I had hoped to write this up earlier, but there we are. On 9 February I went to a presentation by Robert Lanfear, the author among other things of PartitionFinder, a software that assists in the selection of models of nucleotide evolution and, as the name implies, dataset partitioning. His talk gave an overview of where he sees the field of (model-based) molecular phylogenetics, its problems and potential solutions.
I will structure my notes on his talk and my own thoughts about it as a kind of numbered list, for easier cross-reference, with no claim to having written this up in a particularly beautiful way.
1. The problem
Lanfear started out with the observation that the current practice in molecular phylogenetics works well, but it works increasingly less well. What he means here is that if there is a phylogenetic question that has a clear and strongly supported answer, then even cutting a lot of corners and making some mistakes will produce that correct answer.
Now, however, those "low-hanging fruit" have largely been harvested, and what is left are really hard to resolve relationships. In those cases small differences in how the analysis is done will lead to different answers (see point 2 below). An example he referred to at least twice during the talk was the relationship between crocodiles, birds and turtles, another one were relationships between major clades of birds.
What I find interesting here is how people set their priorities. Apparently there are a lot of researchers who care very deeply about, for example, whether crocodiles are sister to birds or to turtles. Honestly I couldn't care less, and the same would be true for comparable cases in plant phylogenetics. What phylogenetics is about for me is to identify monophyletic groups for classification and to provide phylogenies for downstream analyses in biogeography and evolutionary biology. For the former, the most relevant observation is that turtles, crocs and birds form three reciprocally monophyletic groups, but if we don't know their relationships to each other we can simply classify them next to each other at the same rank, problem solved. For the latter, there are ways of taking uncertainty into consideration, problem solved.
In other words, where I see need for more work in the field is in the many clades of plants, insects, nematodes, mites, etc., that have so far not been well studied, as opposed to re-analysing over and over and over the same few charismatic but overstudied groups of vertebrates. Each to their own I guess, but the thing is that all the considerations that follow assume first that being unable to decisively resolve every single node in a phylogeny is at all important to anything or anybody. I am just not sure I see that.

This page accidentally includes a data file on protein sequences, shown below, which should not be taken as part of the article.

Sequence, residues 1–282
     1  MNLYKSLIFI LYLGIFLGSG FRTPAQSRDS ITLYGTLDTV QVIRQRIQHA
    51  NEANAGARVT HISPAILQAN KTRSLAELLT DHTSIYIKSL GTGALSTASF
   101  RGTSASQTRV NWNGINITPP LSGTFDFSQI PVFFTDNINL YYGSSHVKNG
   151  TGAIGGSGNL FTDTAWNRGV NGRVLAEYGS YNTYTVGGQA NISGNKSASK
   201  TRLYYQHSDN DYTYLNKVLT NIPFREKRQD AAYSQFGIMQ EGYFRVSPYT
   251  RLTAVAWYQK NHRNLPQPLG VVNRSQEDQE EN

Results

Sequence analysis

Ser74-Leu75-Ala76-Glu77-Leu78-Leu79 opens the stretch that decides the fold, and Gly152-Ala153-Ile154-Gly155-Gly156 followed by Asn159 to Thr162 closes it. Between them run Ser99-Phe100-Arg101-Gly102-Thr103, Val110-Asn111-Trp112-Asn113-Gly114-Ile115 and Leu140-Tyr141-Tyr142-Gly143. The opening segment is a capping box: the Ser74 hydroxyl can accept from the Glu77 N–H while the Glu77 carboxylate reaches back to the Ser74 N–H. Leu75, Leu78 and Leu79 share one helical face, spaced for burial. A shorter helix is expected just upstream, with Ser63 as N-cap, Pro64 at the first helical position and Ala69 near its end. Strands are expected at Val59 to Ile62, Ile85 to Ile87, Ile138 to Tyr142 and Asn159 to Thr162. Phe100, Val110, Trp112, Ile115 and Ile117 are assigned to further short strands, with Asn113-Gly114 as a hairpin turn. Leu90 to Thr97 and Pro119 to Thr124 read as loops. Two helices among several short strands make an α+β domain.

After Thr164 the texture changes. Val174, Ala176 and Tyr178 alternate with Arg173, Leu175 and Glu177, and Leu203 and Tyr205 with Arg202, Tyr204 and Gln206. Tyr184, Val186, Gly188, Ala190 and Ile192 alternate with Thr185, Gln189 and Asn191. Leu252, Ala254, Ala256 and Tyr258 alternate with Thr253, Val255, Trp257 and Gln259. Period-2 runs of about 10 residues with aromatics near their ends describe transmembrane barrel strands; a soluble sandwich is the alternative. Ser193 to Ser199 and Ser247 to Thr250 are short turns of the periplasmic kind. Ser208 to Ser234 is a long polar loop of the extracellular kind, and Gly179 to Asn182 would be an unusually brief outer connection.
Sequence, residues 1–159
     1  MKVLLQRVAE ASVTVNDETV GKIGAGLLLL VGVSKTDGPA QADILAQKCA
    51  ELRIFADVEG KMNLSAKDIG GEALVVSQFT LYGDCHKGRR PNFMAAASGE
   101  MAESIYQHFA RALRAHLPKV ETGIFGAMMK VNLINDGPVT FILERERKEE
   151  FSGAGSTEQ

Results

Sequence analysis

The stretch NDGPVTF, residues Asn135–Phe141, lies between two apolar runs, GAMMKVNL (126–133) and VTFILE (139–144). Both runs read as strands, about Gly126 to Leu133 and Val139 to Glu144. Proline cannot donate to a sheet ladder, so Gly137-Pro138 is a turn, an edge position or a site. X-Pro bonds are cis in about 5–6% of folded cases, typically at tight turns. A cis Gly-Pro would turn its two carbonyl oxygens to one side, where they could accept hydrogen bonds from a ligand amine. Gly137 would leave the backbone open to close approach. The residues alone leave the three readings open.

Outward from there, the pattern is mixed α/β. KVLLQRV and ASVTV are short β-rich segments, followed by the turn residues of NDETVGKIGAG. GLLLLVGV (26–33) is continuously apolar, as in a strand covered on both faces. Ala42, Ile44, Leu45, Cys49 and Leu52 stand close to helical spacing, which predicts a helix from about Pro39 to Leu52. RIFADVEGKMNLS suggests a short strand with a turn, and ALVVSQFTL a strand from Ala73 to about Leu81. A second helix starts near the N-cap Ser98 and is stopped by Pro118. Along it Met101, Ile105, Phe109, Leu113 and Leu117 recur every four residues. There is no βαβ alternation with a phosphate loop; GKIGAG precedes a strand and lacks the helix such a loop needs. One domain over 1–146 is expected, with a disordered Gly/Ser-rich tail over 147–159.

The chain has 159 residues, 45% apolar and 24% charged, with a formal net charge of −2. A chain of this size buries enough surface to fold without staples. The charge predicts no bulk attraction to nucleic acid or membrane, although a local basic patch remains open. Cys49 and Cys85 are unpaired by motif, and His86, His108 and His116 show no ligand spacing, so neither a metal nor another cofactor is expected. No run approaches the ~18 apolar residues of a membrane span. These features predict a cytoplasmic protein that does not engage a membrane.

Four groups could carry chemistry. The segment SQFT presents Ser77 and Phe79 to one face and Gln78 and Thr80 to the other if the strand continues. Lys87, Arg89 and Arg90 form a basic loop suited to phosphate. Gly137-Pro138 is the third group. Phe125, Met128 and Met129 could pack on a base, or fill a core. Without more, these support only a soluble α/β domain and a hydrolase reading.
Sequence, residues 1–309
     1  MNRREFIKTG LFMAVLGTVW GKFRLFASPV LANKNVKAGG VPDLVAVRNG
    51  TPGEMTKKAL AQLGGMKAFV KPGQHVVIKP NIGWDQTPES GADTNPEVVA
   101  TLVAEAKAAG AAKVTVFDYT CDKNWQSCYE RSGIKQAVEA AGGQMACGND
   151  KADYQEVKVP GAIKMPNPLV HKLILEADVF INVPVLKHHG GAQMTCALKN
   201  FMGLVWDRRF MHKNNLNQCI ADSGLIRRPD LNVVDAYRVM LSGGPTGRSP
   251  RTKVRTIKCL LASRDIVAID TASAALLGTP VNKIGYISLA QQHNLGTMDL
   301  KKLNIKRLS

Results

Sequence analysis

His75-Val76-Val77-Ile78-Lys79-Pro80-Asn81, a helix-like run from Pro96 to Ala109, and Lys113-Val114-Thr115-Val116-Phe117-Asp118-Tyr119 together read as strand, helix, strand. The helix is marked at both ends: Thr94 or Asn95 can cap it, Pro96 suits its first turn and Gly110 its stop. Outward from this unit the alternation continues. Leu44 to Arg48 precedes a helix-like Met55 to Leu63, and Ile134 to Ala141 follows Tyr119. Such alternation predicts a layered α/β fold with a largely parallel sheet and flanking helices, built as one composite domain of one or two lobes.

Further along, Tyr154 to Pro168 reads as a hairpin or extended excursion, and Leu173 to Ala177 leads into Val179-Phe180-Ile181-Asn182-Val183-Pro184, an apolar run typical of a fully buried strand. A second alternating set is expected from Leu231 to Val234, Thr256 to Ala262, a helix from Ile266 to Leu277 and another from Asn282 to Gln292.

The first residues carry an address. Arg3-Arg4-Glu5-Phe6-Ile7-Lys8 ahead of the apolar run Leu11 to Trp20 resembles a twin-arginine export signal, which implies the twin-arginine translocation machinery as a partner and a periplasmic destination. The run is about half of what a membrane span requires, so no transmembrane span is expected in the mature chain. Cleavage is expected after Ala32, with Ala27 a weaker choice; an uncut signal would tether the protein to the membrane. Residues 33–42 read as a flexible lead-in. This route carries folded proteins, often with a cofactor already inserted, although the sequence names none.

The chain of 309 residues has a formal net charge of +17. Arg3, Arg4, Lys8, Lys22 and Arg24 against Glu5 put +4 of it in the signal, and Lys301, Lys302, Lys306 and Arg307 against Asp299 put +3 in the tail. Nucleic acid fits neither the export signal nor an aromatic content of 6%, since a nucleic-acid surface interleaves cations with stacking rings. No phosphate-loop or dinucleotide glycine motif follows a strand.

2. How do we know that the current practice is working less well now?
Partly because people get very different results with high confidence. Lanfear called this the "new normal": large amounts of genomic data give strong statistical support for contradictory results.
This is a very good observation that will hopefully also be convincing to those who like to stress our inability to know the truth, and that we can only hope to build hypotheses.
3. The current best practice for genomic sequencing
Data cleaning of genomic data is crucial because everything is full of microbes. Even DNA extraction kits are contaminated, so never do genomic sequencing without a negative control.
I must admit that I have not always followed that advice, but with amplicon sequencing or target enrichment for example it may not be that relevant, given that non-targeted DNA is unlikely to amplify and you know if a sequence comes totally out of left field. The example Lanfear used, however, was a de novo genome assembly where contaminants were presented as evidence of horizontal gene transfer. That would have been embarrassing.
He also argued for inclusion of a positive control, as in adding a known genome to check for contamination percentage. That does of course assume that you always have a known genome in your study group, which is unlikely to be the case in most groups.
Finally, there should be biological and technical replicates, probably the sampling guideline that the largest number of people are aware of and follow.
4. The current best practice for assembling the data matrices
Remove parts of the alignment that cannot be trusted. Lanfear mentioned the software GBlocks, which I personally have never used. However, he cited a paper that argues it doesn't seem to help (Tan et al. 2015, Syst Biol 64: 778) and seemed to advise against using it. His own preference is to pragmatically make an automated alignment and then check by eye and delete non-homologous sites manually.
5. Examining the individual gene trees
Next comes paralog detection, if that is relevant to the data type. One of the most stunning observations Lanfear mentioned was that in multi-locus species tree analyses some loci may have massive leverage on the results. He cited a case in which two undetected paralogs made the difference between 100% support for one and 100% support for the other answer.
His suggested positive control here: be suspicious if a gene tree does not show a very well established clade. Keep that one in mind as it will come up again.
6. Multi-locus analysis versus concatenation